It would be nice if our Peg Game application could keep the player from painting herself into a corner. Take the board to the right. The correct sequence of moves are: 7 to 9, 13 to 6, 10 to 3, and 1 to 6. If the player chooses 13 to 4 instead; then 7 can jump to 2, and 1 to 4. That would result in two pegs remaining: 4 and 10. So, our game needs to sound an alarm (e.g. draw a red dot) when the user asks for the 13 to 4 move.

Consider a strategy that uses a stack to record all possible moves. Solutions are found by: pushing all "possible moves" on the stack, popping the first entry off the stack, executing that move, testing if a single peg remains, if so - a solution was found, if not - repeat the process.

Consider the following first 2 moves ...

Here is a "tree" representation of "possible moves" ...

Here is an alternate representation that demonstrates four non-solutions. After 7 moves, the board has reached the state shown at the top. Four moves are now possible. If the 3-8 move is chosen, then two moves are possible. The 13-4 move eventually leads to three pegs remaining, and the 1-4 move leads to an end state of five pegs.

A graphical representation is optimal for carbon-based intelligence (i.e. people), but it doesn't map directly to silicon-based intelligence (computers). If we had a representation that was more sequential in nature (like a computer's memory), then we could perhaps kill two birds with one stone: discuss a solution strategy for the problem, and, lay the foundation for the eventual algorithm.

Another issue with the graphical representation above is overhead. Modeling all the possible moves of a game as separate nodes in a fully populated tree consumes a lot of memory. As we come up with a more sequential encoding of the game, is there a way we could accommodate some kind of "just in time" representation? The motivation is to maintain as little game state as possible.

Instead of building a full-grown tree, perhaps a step-by-step "list of lists" representation will provide sufficient bookkeepping for: testing one specific game, backtracking to alternate games, and ultimately testing every possible game. How about the following procedure and data structure?

1. generate a list of all possible initial moves
2. execute the last move on the list, and replace it with a new list of all currently possible moves
3. go to step 2
Here is a representation for the sequence of moves: 6-1, 15-6, 8-3, 14-5, 2-9
remove peg 1
(4-1 6-1)
(4-1 (4-6 8-3 13-6 15-6) )
(4-1 (4-6 8-3 13-6 (8-10 13-15 8-3) ) )
(4-1 (4-6 8-3 13-6 (8-10 13-15 (3-10 13-15 14-5) ) ) )
(4-1 (4-6 8-3 13-6 (8-10 13-15 (3-10 13-15 (3-8 3-10 12-14 2-9) ) ) ) )
(4-1 (4-6 8-3 13-6 (8-10 13-15 (3-10 13-15 (3-8 3-10 12-14 (3-10 7-2 12-14) ) ) ) ) )

The board now looks like -

To eliminate some clutter, let's focus only on the last list of moves. The steps remain: move, generate, replace.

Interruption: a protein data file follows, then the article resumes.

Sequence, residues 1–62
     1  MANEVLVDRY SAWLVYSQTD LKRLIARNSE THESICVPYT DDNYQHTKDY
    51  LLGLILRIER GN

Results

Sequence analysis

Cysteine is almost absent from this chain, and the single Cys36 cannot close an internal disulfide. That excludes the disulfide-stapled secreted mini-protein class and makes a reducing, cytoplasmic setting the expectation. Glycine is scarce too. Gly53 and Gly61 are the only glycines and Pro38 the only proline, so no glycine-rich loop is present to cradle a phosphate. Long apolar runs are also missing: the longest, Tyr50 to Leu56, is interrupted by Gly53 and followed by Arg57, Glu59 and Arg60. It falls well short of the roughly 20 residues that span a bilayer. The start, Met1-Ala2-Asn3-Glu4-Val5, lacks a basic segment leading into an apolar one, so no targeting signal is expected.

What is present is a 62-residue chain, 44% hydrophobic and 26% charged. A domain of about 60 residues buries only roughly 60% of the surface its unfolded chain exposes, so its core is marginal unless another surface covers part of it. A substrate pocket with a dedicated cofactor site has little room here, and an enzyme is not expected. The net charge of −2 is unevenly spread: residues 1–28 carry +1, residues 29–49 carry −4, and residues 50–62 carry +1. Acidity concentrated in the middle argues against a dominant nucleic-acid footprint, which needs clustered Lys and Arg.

(3-10 7-2 12-14)                                           9 pegs left
(3-10 7-2 (6-13 7-2 14-5 3-10) )                           8 pegs left
(3-10 7-2 (6-13 7-2 14-5 (7-2 14-5 10-8) ) )               7 pegs left
(3-10 7-2 (6-13 7-2 14-5 (7-2 14-5 (7-2 7-9) ) ) )         6 pegs left
(3-10 7-2 (6-13 7-2 14-5 (7-2 14-5 (7-2 (14-5) ) ) ) )     5 pegs left
(3-10 7-2 (6-13 7-2 14-5 (7-2 14-5 (7-2 ((4-6)) ) ) ) )    4 pegs left
(3-10 7-2 (6-13 7-2 14-5 (7-2 14-5 (7-2 (( )) ) ) ) )      3 pegs left

At this point, the pegs remaining are 1, 6, 11; and there are no more possible moves.

We've hit a dead-end, and need to backtrack to an alternate pathway. Lets add a new step 3 to our procedure.

1. generate a list of all possible initial moves
2. execute the last move on the list, and replace it with a new list of all currently possible moves
3. when a solution or dead-end is reached, backtrack (undo and remove moves) until a parent list with an unused move is found
4. go to step 2
In our example, we need to undo the 4-6 move, and backtrack to the parent list. That list has no more unused moves, so we must repeat the process by undoing the 14-5 move and backtracking. Again, there are no more unused moves in the parent list, so the 7-9 move is undone as well. Finally, we have found an unused move - 7 to 2.

The top line below looks like the fourth line above - except - the 7-9 move at the end has been removed. We are ready to proceed forward again. As each last move of the last list is executed, there is only one possible move on the board. So, each replacement is performed with a list composed of a single move.

(3-10 7-2 (6-13 7-2 14-5 (7-2 14-5 (7-2) ) ) )             6 pegs left
(3-10 7-2 (6-13 7-2 14-5 (7-2 14-5 ((1-4)) ) ) )           5 pegs left
(3-10 7-2 (6-13 7-2 14-5 (7-2 14-5 (((4-13))) ) ) )        4 pegs left
(3-10 7-2 (6-13 7-2 14-5 (7-2 14-5 ((((14-12)))) ) ) )     3 pegs left
(3-10 7-2 (6-13 7-2 14-5 (7-2 14-5 (((((11-13))))) ) ) )   2 pegs left
(3-10 7-2 (6-13 7-2 14-5 (7-2 14-5 ((((())))) ) ) )        1 peg left

We now have a "sequential" representation of our puzzle. It should give us a good start on a search algorithm. Notice how the list demonstrates last in, first out behavior.

Our 4-step procedure seems to suggest a loop where step 4 feeds back to step 2. Would recursion be preferable?